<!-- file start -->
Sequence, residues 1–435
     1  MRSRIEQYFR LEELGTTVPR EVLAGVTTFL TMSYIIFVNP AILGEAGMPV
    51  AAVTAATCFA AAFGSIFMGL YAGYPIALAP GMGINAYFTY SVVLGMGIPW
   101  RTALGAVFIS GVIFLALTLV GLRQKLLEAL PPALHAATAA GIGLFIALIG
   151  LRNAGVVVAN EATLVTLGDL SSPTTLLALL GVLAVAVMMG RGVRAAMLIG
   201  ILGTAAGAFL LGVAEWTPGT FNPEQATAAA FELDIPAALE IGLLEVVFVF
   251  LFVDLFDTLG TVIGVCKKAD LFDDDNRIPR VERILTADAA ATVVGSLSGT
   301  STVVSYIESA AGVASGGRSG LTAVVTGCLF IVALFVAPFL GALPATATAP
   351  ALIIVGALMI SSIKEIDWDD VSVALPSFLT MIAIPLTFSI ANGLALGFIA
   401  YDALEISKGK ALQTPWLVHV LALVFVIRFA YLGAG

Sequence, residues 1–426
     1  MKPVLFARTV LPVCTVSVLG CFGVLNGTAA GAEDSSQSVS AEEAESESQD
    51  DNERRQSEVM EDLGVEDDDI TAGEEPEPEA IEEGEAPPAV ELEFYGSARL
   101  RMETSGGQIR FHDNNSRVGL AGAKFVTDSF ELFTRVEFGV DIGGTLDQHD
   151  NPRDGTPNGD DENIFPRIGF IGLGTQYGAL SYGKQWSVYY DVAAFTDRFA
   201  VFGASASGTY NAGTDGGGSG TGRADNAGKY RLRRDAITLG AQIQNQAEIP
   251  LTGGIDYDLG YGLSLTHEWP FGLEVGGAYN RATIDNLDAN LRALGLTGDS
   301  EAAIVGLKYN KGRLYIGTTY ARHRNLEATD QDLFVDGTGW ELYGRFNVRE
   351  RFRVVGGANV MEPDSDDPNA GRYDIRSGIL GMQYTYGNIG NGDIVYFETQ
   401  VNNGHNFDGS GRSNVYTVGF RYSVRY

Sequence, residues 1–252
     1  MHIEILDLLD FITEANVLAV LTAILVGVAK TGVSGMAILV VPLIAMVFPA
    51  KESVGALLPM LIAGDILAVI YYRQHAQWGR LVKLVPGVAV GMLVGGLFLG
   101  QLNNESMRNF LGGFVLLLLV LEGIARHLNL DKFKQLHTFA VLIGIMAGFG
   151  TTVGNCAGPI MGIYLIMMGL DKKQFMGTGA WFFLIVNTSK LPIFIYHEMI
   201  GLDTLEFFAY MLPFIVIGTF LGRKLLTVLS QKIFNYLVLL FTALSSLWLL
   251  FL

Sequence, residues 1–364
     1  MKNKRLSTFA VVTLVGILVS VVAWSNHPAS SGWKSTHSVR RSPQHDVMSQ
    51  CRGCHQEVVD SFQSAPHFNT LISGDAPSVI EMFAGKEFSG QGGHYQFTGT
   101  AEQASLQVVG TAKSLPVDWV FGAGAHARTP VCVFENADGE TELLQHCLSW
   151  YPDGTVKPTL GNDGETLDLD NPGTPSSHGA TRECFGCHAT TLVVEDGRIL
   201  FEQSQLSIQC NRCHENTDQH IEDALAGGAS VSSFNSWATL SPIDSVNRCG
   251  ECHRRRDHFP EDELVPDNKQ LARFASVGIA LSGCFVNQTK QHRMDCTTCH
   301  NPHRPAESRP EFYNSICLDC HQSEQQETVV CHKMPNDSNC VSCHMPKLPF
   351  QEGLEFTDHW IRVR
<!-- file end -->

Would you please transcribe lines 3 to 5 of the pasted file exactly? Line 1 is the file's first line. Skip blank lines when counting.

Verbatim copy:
    51  AAVTAATCFA AAFGSIFMGL YAGYPIALAP GMGINAYFTY SVVLGMGIPW
   101  RTALGAVFIS GVIFLALTLV GLRQKLLEAL PPALHAATAA GIGLFIALIG
   151  LRNAGVVVAN EATLVTLGDL SSPTTLLALL GVLAVAVMMG RGVRAAMLIG